Sr. Anne’s voice is comforting and strong, like that of what we may imagine would be heard from our Blessed Virgin Mary. Her demeanor offers a safe space where we can honestly address our needs, because it is not always easy to be willing to take a clear look at how we nurture our relationship with the Holy Trinity.

If most of us were to take a blank piece of paper, draw a line down the center, and on each side list that which sustains us and prepares us for our eternity or that which takes us away from where Jesus lives, we would see more clearly what God sees. God sees everything, He sees our soul, the love in our hearts and he can also see where there is an opportunity for each of us to live in true Joy. That is what He wants for us. He wants us to have true happiness!

At some point during our journey to eternity we begin to automatically reject that which does not feed our souls. During our session, many of the participants, including myself, expressed that they find it challenging to always make “life giving” choices. For some it is not just the choice itself, but are we making that choice with Christ’s Love at the center? Another big challenge is pain. When we are in severe pain it is as if we need to sit and just absorb things that facilitate some sort of simple distraction. Merely existing seems impossible. But God knows all these things and He loves us the more for enduring that which reflects His Passion.

This is not about berating ourselves for “not doing enough”. Jesus sees us where we live, where we are, and He knows where He intends for us to be. We just need to open our hearts to Him and let Him in. He is our Father.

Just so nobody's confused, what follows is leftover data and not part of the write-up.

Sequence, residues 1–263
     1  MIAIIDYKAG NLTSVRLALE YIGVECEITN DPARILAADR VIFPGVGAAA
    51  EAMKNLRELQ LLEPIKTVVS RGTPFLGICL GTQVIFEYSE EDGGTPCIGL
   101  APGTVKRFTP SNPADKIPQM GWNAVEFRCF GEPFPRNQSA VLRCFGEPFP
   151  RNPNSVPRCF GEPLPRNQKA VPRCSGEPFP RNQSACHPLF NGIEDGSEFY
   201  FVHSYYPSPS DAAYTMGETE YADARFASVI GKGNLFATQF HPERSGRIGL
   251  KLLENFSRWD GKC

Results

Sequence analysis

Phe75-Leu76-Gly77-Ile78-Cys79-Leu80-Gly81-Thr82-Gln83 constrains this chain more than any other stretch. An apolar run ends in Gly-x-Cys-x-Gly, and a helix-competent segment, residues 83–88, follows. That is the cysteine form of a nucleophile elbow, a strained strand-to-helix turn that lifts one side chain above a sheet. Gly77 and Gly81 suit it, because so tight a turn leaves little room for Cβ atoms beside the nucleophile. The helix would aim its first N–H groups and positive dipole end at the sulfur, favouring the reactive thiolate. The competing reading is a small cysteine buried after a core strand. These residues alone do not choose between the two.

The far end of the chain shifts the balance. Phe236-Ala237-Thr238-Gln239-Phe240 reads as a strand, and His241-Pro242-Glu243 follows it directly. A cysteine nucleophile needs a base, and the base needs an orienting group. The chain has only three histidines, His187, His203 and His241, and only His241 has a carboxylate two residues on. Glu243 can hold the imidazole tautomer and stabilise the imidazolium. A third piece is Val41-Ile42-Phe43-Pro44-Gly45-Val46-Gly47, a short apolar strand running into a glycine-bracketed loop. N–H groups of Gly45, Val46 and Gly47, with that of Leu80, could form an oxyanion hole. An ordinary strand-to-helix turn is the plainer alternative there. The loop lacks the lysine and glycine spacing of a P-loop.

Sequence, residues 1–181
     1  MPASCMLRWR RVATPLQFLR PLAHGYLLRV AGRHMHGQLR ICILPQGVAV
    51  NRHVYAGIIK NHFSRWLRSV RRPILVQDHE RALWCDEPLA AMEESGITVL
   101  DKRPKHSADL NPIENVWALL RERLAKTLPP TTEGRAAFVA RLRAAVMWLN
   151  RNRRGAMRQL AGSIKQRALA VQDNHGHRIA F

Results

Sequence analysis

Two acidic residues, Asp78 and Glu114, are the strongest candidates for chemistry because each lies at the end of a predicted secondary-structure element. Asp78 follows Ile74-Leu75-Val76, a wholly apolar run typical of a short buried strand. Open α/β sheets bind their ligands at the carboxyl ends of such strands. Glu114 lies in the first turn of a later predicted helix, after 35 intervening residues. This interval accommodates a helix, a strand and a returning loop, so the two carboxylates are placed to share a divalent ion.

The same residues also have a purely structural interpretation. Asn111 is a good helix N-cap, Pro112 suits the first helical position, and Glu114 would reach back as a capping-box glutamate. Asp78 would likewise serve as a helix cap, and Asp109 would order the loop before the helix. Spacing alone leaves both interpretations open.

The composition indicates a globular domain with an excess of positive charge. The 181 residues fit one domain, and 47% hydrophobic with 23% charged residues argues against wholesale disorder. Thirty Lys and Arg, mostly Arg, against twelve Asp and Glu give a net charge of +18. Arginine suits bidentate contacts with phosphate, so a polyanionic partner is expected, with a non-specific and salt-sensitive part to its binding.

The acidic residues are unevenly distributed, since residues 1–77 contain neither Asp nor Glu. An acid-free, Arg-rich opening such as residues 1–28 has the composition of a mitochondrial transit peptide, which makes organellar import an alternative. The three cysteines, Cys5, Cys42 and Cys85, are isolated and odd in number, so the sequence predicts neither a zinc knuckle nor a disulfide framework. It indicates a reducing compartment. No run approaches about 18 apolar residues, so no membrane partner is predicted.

If you are overwhelmed with illness and have not yet created a daily habit that feeds your soul, from the Tree of Life, (like daily Mass or the Rosary), consider some visualization. Turn off the electronics, find a quiet place and for 5 minutes literally imagine eternity. Close your eyes and let go. Maybe start with the photo above so that you can imagine the vastness of God’s Creation.

Keeping the vision of our eternity front and center is especially helpful for those who literally have physical and emotional suffering in our lives. I was so grateful to get to Mass this past week because for a few Sundays I was literally too sick to go. My RA has been beating on my body and would sleep until 6:00 at night. I went to confession for a few things followed by Mass, I got back on track, praise God. As Catholics we are so blessed to have the Sacraments! Being in church, in Mass, and receiving the Eucharist give us life in Christ. We are called to Holiness.

Obviously time with Jesus in adoration is probably the best way to visualize our eternity. Spending time in the Chapel, kneeling in front of the Crucifix and praying can take you there. Ask our Heavenly Mother for guidance. This way when you close your eyes you feel more present with our Heavenly Father and in your imagined eternity. This is so valuable because we tend to automatically see images of what we could have done “better” or “problems” or “conflicts”. Let God take those conflicts away from your heart and use your suffering for His Will.

Nobody knows what eternity looks like but in our minds we can create an image that is ours. Consider it a gift from God. Pray for the Holy Spirit to descend upon you so that this vision will be in union with God’s likeness and image. We are all together in eternity.

Between now and our next evening retreat, take a few moments each day to imagine God’s eternity, your eternity, our eternity. Heaven. “For God so loved the world that He gave His one and only Son, that whoever believes in Him shall not perish, but have eternal life”. Jn 3:16

Please post comments below after doing this visualization or if you have completed the spiritual exercise called “Discernment In The Modern Age”, dated July 8, 2019.

God Bless You,

Denise and Sr. Anne Marie